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OKC Police Department carries opioid antidote Naloxone
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OKLAHOMA CITY- The Oklahoma City Police Department recently received 800 naloxone kits, to replace the previous kits which had been set to expire, according to OKCPD Public Information Officer Robert Matthews. Naloxone is the overdose-reversing medication used to block the effects of opioids, whether prescription opioid painkillers or heroin.

The use of naloxone has skyrocketed among law enforcement and health professionals throughout the country in response to rapidly spreading overdose epidemic.  The price of the drug has also ticked up, along with several specialized injectors of the medication.

The naloxone kits, which have a shelf-life of three years, were provided to Oklahoma City police officers by the Department of Mental Health and Substance Abuse Service at no cost to the department and were distributed to all divisions and units. 

Thirty-five lives have been saved by the OKCPD with the help of naloxone since 2014, but the department hasn’t seen a noticeable increase in its use at this time.

While naloxone is effective in reversing overdose symptoms in users of prescription painkillers and heroin, it has limited effectiveness in overdoses involving the powerful synthetic opioid, fentanyl.  Fifty times more powerful than heroin, overdose deaths from fentanyl are skyrocketing, as black market heroin increasingly contains the deadly compound.  Fentanyl reaches the United States through the mail system, originating from China and Hong Kong.  Catching fentanyl before is spreads throughout the country requires sifting through the millions of packages that arrive in the United States on a daily basis.  It also means that much of the drug slips past law enforcement. These synthetic opioids such as fentanyl killed 20,000 US citizens in 2016, doubling the total of 2015.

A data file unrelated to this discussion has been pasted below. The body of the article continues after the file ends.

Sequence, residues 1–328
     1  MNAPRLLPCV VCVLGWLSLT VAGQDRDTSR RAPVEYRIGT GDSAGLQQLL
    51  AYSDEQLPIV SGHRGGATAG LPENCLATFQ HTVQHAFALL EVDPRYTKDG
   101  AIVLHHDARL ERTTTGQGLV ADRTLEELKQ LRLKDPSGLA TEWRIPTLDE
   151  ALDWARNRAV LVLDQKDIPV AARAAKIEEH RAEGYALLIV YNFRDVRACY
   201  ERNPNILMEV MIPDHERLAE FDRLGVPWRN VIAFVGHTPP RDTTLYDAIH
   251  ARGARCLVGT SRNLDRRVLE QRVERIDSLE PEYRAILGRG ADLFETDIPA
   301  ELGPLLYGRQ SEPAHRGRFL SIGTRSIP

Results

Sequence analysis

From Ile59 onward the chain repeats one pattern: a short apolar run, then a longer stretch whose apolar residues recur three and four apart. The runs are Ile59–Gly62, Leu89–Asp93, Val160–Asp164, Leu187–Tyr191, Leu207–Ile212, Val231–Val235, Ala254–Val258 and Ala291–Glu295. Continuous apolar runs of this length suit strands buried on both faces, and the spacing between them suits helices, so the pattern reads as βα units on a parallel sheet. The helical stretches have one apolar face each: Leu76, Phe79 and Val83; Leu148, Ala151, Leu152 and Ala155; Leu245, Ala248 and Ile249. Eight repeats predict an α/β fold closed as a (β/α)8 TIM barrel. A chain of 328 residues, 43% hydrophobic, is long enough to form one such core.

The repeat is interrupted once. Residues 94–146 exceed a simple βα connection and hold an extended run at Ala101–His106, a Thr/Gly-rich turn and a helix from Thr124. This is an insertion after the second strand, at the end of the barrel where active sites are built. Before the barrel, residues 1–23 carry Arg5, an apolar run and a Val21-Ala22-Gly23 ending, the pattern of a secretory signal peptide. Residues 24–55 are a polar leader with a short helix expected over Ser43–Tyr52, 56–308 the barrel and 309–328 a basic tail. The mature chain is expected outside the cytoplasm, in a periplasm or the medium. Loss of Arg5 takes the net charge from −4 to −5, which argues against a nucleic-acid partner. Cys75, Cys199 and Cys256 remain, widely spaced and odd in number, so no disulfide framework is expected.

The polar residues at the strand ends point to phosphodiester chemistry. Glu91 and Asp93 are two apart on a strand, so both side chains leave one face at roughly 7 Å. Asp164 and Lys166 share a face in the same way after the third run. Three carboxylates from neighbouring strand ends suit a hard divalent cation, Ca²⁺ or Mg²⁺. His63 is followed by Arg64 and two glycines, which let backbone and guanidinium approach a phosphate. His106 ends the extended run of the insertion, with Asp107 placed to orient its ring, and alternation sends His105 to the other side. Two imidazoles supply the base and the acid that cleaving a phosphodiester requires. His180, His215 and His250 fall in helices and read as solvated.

The nationwide overdose epidemic has seen at least 60,000 deaths in 2016, and 2017 is on pace to surpass that number in many areas of the country.  Experts believe that, if drastic action isn’t taken soon, 500,000 Americans could die from a drug-related overdose over the next decade.

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Red Dirt Report was launched July 4, 2007 as an independent news website covering all manner of news, culture, entertainment and lifestyle stories that affect and interest Oklahoma readers and readers outside of our state. Our mission is to educate, promote civic engagement and discourse on public policy, government and politics. Our experienced journalists provided balanced in-depth coverage of news stories that affect Oklahomans. Our opinion/editorial stories come from a wide range of political view points. We carry out our mission by reporting, writing, and posting news and information. read more

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